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Sunday, July 20, 2008

Creative and Academic Writing

Most homeschool courses that address writing focus on stories, descriptions, and other creative genres. The lessons attempt to pull the creative spark from the students, encouraging them to experiment with language, similes, metaphors, and stylistic techniques for writing.

The ability to craft a more stylistic story is not necessary for success in college. However, having these tools can help a child when they are composing an essay for college. If the student is practiced in finding the perfect word, he will naturally use a more powerful or descriptive verb that eliminates the need for excessive description (a big no-no in essay writing).

So using a creative or stylistic course isn't a bad thing. It can be a very good thing and, if the techniques stick, can be utilized in compositions. However, for the college bound child, the most important thing to teach him is to compose an organized essay in order to convey his knowledge. This does not negate the need for creative writing, but it definitely puts it lower on the totem pole. Sadly, many teachers teach only creative writing to their students and send them off to college without the foggiest idea of what an essay really should be. That was me in college: I would pen heartfelt prose concerning noble ideas about the book when the teacher just wanted a concise essay that told her I actually read the book.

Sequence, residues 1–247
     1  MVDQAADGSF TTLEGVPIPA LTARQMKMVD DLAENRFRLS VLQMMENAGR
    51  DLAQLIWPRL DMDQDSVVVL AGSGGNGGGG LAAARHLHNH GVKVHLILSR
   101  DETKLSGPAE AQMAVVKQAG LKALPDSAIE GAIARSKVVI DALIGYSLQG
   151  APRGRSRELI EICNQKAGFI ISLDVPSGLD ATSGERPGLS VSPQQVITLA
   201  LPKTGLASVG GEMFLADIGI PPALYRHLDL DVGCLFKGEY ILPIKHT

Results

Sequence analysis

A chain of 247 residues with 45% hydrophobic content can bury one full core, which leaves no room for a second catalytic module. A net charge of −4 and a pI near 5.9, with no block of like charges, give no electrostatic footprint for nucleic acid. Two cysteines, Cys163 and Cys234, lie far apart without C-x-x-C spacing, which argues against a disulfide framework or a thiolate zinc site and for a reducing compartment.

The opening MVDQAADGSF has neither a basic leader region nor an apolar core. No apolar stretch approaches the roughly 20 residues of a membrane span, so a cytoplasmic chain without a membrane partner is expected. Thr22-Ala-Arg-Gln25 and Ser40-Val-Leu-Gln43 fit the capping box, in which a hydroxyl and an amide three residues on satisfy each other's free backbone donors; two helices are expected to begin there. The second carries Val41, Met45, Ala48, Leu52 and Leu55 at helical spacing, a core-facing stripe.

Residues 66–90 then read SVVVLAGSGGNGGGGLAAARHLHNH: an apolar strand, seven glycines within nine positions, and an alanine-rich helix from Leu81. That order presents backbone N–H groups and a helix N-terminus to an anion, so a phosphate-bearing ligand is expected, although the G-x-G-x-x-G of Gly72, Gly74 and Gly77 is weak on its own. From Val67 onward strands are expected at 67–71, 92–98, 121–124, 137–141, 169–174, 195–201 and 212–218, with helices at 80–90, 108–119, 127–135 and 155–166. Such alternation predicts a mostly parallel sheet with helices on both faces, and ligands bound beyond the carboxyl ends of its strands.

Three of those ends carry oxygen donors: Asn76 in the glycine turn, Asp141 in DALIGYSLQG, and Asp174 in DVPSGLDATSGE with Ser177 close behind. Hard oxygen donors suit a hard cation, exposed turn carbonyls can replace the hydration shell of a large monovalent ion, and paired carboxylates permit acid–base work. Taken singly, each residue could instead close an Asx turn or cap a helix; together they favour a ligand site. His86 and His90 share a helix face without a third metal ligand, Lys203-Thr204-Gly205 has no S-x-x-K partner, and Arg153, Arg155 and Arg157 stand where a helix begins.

If your child is more math/science oriented and hates writing, fear not! The organized essay using the Composition Code will make sense to him and he will succeed on all his writing exams, including the SAT—if he masters the formula. Mathy people love formulas. If they know writing is just a formula, they'll be happy.

For the creative writer: tame the beast! I can say that because that was me, and I needed taming. I needed to learn to hang up the
 metaphors, put away the eloquence, and quit spewing my lofty theories and "beautiful prose" all over my academic essay. I needed to learn to organize my ideas into an outline form and just write down what I knew. It need not be dramatic, deep, and full of creative style. A college professor just wants the facts. That's why those who are not creative writers get better grades on their college essays.

In an essay exam, I didn't need to say, "The longing in the soul of the most dreaded criminal is to be examined and explored with a compassion that might well up within us a desire to rescue him from his own self
 destructions."

Instead, I should have written more plainly: "Most criminals experienced very difficult circumstances that instigated their life of crime. Examining these circumstances in the individual can help in the healing of their past wounds."

Do you see the difference?

In conclusion, my best advice is to teach the essay first. Then try out some creative writing or stylistic curricula that will help the child use language more eloquently or help him write or rewrite stories. But don't be discouraged if your child is not a creative writer. In fact be careful if he is because creative writers have more difficulty with the organization of an essay. If your child does not like creative writing, it’s totally fine. He only needs to know the essay—the Composition Code formula for putting his knowledge into a collegiate composition. That's what must be taught. Remember, creative writing is like art history—helpful and wonderful and good for the soul, but not necessary.

One last note: A child is not ready to even begin the quest of writing until he understands the construction of a sentence. Thus, grammar must be taught and understood before writing can be developed.

Another last note: Don't try to teach spelling and writing as the same subject. Forget spelling when you are teaching writing. Spelling is a separate subject and the child should be allowed to focus on only one subject at a time, especially when the subject is as labor intensive as writing. During writing class, spelling should not get any notice or comment.

Until next time!